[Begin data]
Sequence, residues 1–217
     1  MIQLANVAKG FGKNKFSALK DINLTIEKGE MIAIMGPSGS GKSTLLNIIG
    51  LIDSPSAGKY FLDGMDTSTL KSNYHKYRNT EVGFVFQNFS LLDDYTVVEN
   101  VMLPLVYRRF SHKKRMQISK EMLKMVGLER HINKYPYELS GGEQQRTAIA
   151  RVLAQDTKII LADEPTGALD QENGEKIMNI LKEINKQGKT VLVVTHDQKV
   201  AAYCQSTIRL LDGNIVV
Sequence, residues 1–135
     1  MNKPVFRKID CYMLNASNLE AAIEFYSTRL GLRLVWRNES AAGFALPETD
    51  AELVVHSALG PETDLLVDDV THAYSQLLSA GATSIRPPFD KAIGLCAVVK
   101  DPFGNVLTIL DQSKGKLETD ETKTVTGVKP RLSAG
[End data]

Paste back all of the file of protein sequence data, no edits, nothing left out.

Sequence, residues 1–217
     1  MIQLANVAKG FGKNKFSALK DINLTIEKGE MIAIMGPSGS GKSTLLNIIG
    51  LIDSPSAGKY FLDGMDTSTL KSNYHKYRNT EVGFVFQNFS LLDDYTVVEN
   101  VMLPLVYRRF SHKKRMQISK EMLKMVGLER HINKYPYELS GGEQQRTAIA
   151  RVLAQDTKII LADEPTGALD QENGEKIMNI LKEINKQGKT VLVVTHDQKV
   201  AAYCQSTIRL LDGNIVV
Sequence, residues 1–135
     1  MNKPVFRKID CYMLNASNLE AAIEFYSTRL GLRLVWRNES AAGFALPETD
    51  AELVVHSALG PETDLLVDDV THAYSQLLSA GATSIRPPFD KAIGLCAVVK
   101  DPFGNVLTIL DQSKGKLETD ETKTVTGVKP RLSAG